I have been feeling I wasted a lot of time of mine.

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tufguy

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"I have been feeling for a few days that I have been wasting my time for the last few days."

"I have been feeling for few days that I have wasted a lot of time of mine."

"I have been feeling for few days that I wasted a lot of time of mine."

Please check.
 

Tdol

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In 2 & 3, I would use a lot of my time. I would also be more likely to use the present perfect simple for the first verb and the present perfect progressive for the second in all cases.
 

GoesStation

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A lot of time of mine is unnatural.
 

tufguy

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In 2 & 3, I would use a lot of my time. I would also be more likely to use the present perfect simple for the first verb and the present perfect progressive for the second in all cases.

Could you please elaborate? I didn't get you.

People also say that we should be using "past tense" after present perfect or present perfect continueous. Is it correct to use "present perfect contineous" or "present perfect" after "present perfect contineous" or "present perfect"?
 

Tdol

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I would use the following:

I have felt for few days that I have wasted/been wasting a lot of my time.
 

tufguy

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There is no need for inverted commas round the names of tenses/aspects. Note the spelling of continuous.

There are few firm rules about which tenses can be used with which, only guidelines. We have a great deal of freedom in English about which tenses can be used with which. We are more concerned about whether a tense is appropriate in the clause it is used than which tense has been used in another clause (except insofar as that other tense affects the time/duration/completion) of the action.

Are you saying that we can use present perfect contineous after present perfect or present perfect after present perfect contineous or present perfect after present perfect or present perfect contineous after present perfect contineous? And my sentences are correct apart from "time of mine". We do have the freedom of using tenses in this way. It cannot be considered wrong. Is this what you are saying?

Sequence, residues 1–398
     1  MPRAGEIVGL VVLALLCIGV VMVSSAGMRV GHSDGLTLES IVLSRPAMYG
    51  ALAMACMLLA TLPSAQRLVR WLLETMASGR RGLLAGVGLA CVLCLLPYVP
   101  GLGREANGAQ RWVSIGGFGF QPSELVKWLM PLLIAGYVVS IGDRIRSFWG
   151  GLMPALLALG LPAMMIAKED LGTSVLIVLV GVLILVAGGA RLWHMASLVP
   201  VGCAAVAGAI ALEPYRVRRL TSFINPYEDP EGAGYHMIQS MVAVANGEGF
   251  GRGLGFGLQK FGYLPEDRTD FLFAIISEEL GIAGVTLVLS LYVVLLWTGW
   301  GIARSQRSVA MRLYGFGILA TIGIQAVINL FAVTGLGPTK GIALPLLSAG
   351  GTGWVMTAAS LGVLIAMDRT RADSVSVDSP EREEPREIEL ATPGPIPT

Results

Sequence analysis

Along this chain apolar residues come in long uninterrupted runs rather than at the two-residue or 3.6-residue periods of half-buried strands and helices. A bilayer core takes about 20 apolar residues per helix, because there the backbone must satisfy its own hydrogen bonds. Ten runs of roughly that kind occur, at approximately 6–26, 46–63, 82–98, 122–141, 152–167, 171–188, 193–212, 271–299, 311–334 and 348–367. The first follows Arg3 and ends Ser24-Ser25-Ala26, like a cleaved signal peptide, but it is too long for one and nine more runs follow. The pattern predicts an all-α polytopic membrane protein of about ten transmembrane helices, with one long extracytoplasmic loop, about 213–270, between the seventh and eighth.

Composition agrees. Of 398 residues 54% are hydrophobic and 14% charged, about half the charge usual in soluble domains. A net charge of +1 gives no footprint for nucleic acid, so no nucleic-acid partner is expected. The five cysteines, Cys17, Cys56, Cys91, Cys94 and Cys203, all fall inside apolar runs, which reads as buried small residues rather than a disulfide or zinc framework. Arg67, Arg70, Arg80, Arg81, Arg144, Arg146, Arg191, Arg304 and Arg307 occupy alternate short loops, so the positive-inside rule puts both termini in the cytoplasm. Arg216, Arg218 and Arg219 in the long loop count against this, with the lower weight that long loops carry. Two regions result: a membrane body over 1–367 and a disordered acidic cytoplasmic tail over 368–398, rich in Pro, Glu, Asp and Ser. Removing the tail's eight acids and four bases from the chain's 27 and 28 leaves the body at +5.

emsr2d2

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For the second time in this thread, note the correct spelling of "continuous"; it's not "contineous". Please edit post #7 to correct your incorrect spelling three times.
 

tufguy

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For the second time in this thread, note the correct spelling of "continuous"; it's not "contineous". Please edit post #7 to correct your incorrect spelling three times.

Please look at post# 6. This is the spelling that I was told.
 

tufguy

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Correction for post# 7.

Are you saying that we can use present perfect continuous after present perfect or present perfect after present perfect continuous or present perfect after present perfect or present perfect continuous after present perfect continuous? And my sentences are correct apart from "time of mine". We do have the freedom of using tenses in this way. It cannot be considered wrong. Is this what you are saying?
 

tufguy

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The tenses/aspects in your original sentence are possible. I would probably use the same tenses as Tdol.

What is the first verb and present perfect progressive (is it the present perfect continuous) in Tdol's answer? I am confused.

What is the safest way to use these kind of sentences? I mean is it safer to use past simple in the second part of the sentence after present perfect or present perfect continuous? If you are not sure whether the other tenses can be used in the second part of the sentence?
 
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